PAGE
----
Peter A Allard School of Law


The Doctor of Philosophy (Ph.D.) in Law provides advanced training for outstanding graduate students who have already obtained a thesis-based Master of Laws (LL.M.) degree or its equivalent. 

The Ph.D. in Law consists of five parts :

  • coursework
  • comprehensive exams
  • dissertation proposal and defence
  • dissertation
  • a final examination

Ph.D.students are admitted to candidacy after successfully defending their dissertation proposal and at that point become Ph.D. candidates. Students must advance to candidacy by the end of year three. Students must complete all requirements for the Ph.D. within six years of the date of first registration in the program. Please see the Ph.D. Guidelines for more information. 

Over the course of the Ph.D. in Law, students will complete:

+ Course Work (7 credits)

All students in the PhD program are required to enrol in the two-part doctoral seminar, which is to be completed in the first year of study.

LAW 610: Issues in Legal Theory (Term 1 - 4 credits)

This seminar provides students with a selective overview of major developments in legal theory over the twentieth century. It is intended to provide a grounding for further jurisprudential work by students in the course of their studies, including comprehensive examinations in the area of legal theory.

LAW 611: Comparative and Interdisciplinary Perspectives on Legal Theory (Term 2 - 3 credits)

This seminar will provide a selective overview of a range of approaches to interdisciplinary research in law. Readings include a wide range of interdisciplinary, critical and socio-legal scholarship. The seminar will also explore the multiple ways in which theory and method are intertwined in legal research.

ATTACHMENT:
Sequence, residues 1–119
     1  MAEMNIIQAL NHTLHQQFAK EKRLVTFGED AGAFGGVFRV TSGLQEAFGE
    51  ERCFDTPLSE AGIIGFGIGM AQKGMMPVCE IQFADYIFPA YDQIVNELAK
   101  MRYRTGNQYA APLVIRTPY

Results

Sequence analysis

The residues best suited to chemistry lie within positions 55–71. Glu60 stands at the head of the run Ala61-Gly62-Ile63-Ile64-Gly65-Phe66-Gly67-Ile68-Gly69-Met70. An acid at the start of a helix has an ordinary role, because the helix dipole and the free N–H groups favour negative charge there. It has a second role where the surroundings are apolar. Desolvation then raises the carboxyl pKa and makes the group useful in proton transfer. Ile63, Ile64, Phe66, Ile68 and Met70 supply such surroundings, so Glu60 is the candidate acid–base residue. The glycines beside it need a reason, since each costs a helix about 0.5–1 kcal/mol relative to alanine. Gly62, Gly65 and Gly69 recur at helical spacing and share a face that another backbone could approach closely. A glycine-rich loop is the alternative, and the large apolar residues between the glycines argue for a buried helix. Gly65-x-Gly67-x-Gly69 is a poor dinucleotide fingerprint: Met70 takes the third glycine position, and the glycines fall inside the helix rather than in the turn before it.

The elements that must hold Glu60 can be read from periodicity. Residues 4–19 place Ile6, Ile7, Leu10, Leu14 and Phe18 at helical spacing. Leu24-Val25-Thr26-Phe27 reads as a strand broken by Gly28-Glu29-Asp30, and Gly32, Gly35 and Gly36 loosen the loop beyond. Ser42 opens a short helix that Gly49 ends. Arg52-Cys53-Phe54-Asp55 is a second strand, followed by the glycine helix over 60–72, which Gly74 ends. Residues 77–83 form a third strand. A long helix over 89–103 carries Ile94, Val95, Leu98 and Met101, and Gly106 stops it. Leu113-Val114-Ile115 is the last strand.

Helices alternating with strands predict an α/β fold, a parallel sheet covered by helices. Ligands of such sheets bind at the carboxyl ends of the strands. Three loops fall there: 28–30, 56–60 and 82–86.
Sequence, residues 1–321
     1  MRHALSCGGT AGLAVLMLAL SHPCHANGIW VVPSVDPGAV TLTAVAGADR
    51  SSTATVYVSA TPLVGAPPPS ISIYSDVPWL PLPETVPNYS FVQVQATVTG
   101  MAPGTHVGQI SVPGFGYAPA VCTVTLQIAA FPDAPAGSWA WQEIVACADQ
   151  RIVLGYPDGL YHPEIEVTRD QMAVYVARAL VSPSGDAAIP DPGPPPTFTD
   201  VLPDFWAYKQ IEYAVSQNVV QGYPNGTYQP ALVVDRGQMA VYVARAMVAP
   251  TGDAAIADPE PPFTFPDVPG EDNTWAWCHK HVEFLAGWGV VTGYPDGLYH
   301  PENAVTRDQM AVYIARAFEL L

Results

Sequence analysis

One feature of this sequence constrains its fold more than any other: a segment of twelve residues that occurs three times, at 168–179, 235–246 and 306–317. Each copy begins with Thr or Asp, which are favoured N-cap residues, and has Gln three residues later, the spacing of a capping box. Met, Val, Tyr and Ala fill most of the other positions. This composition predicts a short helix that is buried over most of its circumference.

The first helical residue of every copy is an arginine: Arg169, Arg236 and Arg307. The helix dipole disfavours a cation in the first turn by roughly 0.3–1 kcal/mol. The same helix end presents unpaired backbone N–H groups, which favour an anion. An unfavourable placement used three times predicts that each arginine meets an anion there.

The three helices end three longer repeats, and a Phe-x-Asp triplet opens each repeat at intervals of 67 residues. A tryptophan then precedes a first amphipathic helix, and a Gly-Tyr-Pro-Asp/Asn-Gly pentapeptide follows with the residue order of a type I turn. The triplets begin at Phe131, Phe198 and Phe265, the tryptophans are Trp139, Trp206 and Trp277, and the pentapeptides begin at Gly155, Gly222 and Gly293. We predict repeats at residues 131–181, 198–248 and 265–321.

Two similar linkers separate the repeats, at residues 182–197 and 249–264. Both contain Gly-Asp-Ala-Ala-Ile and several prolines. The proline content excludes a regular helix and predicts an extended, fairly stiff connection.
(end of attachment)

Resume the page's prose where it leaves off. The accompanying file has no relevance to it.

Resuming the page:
Students may also take other courses, including directed research projects, in the law school or in other Faculties at UBC (with permission from the Allard Graduate Program and the other Faculty) for credit or as auditing students.

+ Comprehensive Exams

After finishing the doctoral seminars, students must complete the comprehensive exams process. The exams must be successfully completed before writing the dissertation proposal. The comprehensive exams work to broaden and expand a student’s theoretical and methodological frame for their further study and teaching in Law.

The comprehensive exams process includes:

  1. Creating a reading list of approximately 30 monographs and articles
  2. Reading and preparing short annotations for all items in the reading list
  3. Written examination
  4. Oral examination

+ Dissertation Proposal and Defense

The dissertation proposal is a 20-30 page document that outlines the dissertation project. It is to provide:

  • A clear justification of the subject, setting the dissertation in the context of relevant scholarly literatures;
  • A working hypothesis & a background theory;
  • An outline of the proposed dissertation (organized under chapter headings) and a reasonable time-frame for completing your dissertation work;
  • A bibliography

Students defend their dissertation proposal to their supervisory committee in an oral defence. Once the proposal has been successfully defended, the student becomes a Ph.D. candidate.

+ Dissertation 

The dissertation is to be a major and original book-length piece of work. It is meant to make a significant contribution to the student’s chosen field of study. In most fields, a doctoral dissertation will range from 60,000 to 80,000 words in length, excluding footnotes, bibliography, and appendices.

Refer to the Faculty of Graduate and Postdoctoral Studies for the Scope of a Doctoral Dissertation.

+ Final Examination

The last stage of the Ph.D. program is the final doctoral examination. It consists of two parts:

  • External examination
  • Oral defence

 For more information, see the UBC Graduate and Postdoctoral Studies' Final Doctoral Examination guide.

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